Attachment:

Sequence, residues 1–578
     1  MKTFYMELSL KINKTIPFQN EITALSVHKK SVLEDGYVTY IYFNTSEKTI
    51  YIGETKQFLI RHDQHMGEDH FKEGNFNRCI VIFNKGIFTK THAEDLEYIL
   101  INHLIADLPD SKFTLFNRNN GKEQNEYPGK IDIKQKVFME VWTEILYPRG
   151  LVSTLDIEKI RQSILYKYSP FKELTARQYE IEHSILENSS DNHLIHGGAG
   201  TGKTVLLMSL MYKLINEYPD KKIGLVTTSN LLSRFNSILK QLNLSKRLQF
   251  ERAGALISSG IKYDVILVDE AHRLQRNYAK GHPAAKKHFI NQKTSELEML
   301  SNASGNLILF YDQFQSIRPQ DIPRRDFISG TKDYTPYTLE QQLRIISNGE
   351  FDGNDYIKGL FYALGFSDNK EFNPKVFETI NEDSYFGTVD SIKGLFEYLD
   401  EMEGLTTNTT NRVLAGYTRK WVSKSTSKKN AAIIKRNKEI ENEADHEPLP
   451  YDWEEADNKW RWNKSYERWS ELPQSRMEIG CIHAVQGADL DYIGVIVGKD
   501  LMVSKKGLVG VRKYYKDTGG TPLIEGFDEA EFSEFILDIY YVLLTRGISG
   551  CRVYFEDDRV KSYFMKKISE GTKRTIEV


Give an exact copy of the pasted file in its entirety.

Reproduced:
Sequence, residues 1–578
     1  MKTFYMELSL KINKTIPFQN EITALSVHKK SVLEDGYVTY IYFNTSEKTI
    51  YIGETKQFLI RHDQHMGEDH FKEGNFNRCI VIFNKGIFTK THAEDLEYIL
   101  INHLIADLPD SKFTLFNRNN GKEQNEYPGK IDIKQKVFME VWTEILYPRG
   151  LVSTLDIEKI RQSILYKYSP FKELTARQYE IEHSILENSS DNHLIHGGAG
   201  TGKTVLLMSL MYKLINEYPD KKIGLVTTSN LLSRFNSILK QLNLSKRLQF
   251  ERAGALISSG IKYDVILVDE AHRLQRNYAK GHPAAKKHFI NQKTSELEML
   301  SNASGNLILF YDQFQSIRPQ DIPRRDFISG TKDYTPYTLE QQLRIISNGE
   351  FDGNDYIKGL FYALGFSDNK EFNPKVFETI NEDSYFGTVD SIKGLFEYLD
   401  EMEGLTTNTT NRVLAGYTRK WVSKSTSKKN AAIIKRNKEI ENEADHEPLP
   451  YDWEEADNKW RWNKSYERWS ELPQSRMEIG CIHAVQGADL DYIGVIVGKD
   501  LMVSKKGLVG VRKYYKDTGG TPLIEGFDEA EFSEFILDIY YVLLTRGISG
   551  CRVYFEDDRV KSYFMKKISE GTKRTIEV